Nobody has ever complained about it.” (As if the minority’s silence means they are ok with everything the majority does.)

Local Christians don’t seem to get it, either:

Derrick Hughes, a village resident and a trustee at Christ United Methodist Church of Alsip, said the mayor “should ignore the anti-religion group.”

“This is kind of silly. I could understand this if it was derogatory like a swastika or a burning cross,” said Hughes, 64, who served in the Air Force.

“This ticks me off. This is about taking more of our freedoms away. What happened to freedom of speech? My goodness,” he said.

As anyone who’s not a Christian can tell you, the cross is just a nice Christian way of telling you you’re going to burn in hell for all eternity. There’s nothing joyous or welcoming about it if you reject the whole Christian mythology in the first place.

And no one’s taking away Christians’ freedom of speech. If Hughes wants to put a cross on his church’s lawn, no one’s going to complain about it. Ditto if he puts it in his front yard.

Much like Pat Robertson did recently, Kitching thought he would also throw in a little joke about how evil FFRF was… because they called him out on breaking the law:

The village plans to replace the cross with a lighted holiday tree on the water tower, Kitching said.

To avoid any potential problems, it will not be called a Christmas tree, he said.

“I thought about putting up a 30-foot Grinch, but I couldn’t find one,” Kitching said.

Much like Pat Robertson, Kitching is being an asshole.

FFRF isn’t trying to ruin Christmas. They’re trying to defend the Constitution. The question we should be asking is why Kitching isn’t eager to do the same thing.

About Hemant Mehta

Hemant Mehta is the chair of Foundation Beyond Belief and a high school math teacher in the suburbs of Chicago. He began writing the Friendly Atheist blog in 2006. His latest book is called The Young Atheist's Survival Guide.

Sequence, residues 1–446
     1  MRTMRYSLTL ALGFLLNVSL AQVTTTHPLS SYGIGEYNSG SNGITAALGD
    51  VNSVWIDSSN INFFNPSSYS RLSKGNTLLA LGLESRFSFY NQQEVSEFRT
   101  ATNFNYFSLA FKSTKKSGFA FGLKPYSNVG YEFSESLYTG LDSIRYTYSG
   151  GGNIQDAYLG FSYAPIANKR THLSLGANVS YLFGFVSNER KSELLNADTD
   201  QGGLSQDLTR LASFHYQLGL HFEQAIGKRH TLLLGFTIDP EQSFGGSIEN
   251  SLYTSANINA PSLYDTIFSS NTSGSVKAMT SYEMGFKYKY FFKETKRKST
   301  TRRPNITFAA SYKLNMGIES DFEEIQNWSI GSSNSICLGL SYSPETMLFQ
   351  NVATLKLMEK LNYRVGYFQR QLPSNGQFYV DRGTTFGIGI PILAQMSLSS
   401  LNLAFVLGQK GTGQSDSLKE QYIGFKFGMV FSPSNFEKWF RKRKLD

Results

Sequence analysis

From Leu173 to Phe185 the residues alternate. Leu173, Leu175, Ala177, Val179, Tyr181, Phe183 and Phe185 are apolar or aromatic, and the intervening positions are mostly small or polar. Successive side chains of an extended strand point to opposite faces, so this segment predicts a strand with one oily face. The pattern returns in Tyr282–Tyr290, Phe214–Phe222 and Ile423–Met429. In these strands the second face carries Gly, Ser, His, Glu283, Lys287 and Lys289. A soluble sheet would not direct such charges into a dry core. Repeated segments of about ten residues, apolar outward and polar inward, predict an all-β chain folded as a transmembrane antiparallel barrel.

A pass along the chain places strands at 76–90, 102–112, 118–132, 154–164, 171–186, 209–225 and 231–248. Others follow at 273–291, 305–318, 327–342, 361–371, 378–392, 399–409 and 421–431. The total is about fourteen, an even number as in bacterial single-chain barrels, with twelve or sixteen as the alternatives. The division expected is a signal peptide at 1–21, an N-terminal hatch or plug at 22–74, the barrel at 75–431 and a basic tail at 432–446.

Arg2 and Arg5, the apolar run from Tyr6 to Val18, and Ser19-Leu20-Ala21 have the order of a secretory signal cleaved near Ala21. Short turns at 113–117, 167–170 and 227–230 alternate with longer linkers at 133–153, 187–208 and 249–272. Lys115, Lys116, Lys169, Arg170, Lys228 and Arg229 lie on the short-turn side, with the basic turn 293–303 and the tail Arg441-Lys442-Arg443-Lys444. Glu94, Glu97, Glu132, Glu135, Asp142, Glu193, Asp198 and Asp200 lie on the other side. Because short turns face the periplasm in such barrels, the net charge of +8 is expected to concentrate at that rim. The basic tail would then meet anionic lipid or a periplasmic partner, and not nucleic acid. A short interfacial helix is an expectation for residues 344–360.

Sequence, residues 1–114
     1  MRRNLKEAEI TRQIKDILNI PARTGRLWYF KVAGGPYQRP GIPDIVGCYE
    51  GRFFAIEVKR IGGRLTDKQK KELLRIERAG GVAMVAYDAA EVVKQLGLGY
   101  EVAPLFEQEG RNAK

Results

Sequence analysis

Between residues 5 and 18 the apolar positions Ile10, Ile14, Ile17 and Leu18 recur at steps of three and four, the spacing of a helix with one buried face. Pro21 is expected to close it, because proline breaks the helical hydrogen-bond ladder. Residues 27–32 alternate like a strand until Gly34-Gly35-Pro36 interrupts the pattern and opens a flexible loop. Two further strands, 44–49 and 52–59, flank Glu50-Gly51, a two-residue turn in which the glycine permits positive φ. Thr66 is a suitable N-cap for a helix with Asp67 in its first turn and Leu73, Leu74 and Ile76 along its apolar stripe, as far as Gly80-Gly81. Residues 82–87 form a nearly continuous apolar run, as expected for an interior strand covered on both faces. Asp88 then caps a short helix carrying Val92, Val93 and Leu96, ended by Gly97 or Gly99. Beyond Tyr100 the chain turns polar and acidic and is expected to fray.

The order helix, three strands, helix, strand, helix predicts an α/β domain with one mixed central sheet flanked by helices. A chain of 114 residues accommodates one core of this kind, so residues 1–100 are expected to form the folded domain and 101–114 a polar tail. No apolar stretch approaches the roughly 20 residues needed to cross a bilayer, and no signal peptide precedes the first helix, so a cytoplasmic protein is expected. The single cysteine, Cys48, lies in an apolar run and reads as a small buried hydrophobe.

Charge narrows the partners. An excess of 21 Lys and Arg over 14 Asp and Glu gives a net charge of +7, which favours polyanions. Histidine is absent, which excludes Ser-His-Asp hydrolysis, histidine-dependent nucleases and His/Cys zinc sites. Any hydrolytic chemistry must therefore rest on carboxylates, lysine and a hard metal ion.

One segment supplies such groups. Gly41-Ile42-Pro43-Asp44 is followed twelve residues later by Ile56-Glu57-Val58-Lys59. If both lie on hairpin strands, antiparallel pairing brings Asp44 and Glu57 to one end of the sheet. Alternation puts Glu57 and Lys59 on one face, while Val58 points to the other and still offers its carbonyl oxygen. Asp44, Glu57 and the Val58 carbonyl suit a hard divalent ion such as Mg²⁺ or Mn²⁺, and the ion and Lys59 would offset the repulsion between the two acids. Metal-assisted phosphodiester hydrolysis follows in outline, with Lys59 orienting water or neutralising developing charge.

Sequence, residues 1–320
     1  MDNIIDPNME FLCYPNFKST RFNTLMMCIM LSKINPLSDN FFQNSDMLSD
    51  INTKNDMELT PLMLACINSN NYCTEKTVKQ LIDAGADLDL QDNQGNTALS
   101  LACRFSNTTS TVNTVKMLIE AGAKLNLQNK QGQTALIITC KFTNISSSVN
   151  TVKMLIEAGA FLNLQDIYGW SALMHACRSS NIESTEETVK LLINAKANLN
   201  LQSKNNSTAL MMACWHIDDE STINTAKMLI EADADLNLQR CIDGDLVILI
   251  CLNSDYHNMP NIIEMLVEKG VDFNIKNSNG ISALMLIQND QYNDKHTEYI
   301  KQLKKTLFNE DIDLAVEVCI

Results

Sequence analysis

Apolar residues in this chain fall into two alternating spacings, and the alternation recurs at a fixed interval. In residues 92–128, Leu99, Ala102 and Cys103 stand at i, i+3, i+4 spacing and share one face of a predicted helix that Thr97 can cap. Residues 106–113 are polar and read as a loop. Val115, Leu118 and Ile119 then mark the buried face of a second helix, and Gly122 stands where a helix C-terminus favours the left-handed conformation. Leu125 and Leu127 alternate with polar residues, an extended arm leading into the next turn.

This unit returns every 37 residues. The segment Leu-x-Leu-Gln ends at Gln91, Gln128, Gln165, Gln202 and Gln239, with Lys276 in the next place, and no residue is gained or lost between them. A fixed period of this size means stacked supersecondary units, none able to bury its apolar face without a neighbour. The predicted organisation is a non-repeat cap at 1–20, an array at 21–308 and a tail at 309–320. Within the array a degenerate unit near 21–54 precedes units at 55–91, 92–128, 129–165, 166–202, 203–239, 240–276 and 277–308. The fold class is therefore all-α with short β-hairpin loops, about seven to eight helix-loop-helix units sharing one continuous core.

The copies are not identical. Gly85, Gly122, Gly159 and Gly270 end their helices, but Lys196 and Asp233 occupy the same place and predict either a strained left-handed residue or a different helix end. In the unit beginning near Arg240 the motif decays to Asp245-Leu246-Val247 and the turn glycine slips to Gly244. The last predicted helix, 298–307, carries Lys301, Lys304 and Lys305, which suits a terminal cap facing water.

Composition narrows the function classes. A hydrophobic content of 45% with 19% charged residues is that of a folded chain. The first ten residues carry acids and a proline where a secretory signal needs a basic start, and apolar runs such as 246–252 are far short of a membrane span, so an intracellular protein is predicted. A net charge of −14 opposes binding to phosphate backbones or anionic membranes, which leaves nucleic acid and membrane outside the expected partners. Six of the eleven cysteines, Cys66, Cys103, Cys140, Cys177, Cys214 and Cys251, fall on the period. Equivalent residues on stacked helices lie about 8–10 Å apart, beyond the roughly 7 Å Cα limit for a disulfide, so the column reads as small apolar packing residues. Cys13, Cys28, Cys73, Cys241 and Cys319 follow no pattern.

• Sindigo

    And he can give the money for creating a new holiday decoration to a local business owner. Sounds like a win/win scenario to me.

    • http://boldquestions.wordpress.com/ Ubi Dubium

      AND – he could auction off the existing cross to the local churches, to raise the money to pay for the new decoration.  And a local church then gets to display the cross, so they should be happy too.  Wins all around.

      • MBear

         There’s a problem with your thinking: you expect christians to posses logic skills & an interest in doing right by the community rather than their own selfish wants.

        • http://boldquestions.wordpress.com/ Ubi Dubium

          I said he “could”.  I didn’t say that I expected him to do that!

  • Xeon2000

    Huh… I remember How the Grinch Stole Christmas, and it didn’t have anything to do with crosses, Christianity, or religion. I don’t think the mayor can borrow the grinch concept in this case.

  • Cincinatheist

    I love how his capitulation statement called it a ‘holiday cross’ no less than three times. As if calling it that all of a sudden magically makes it a nonsectarian cross.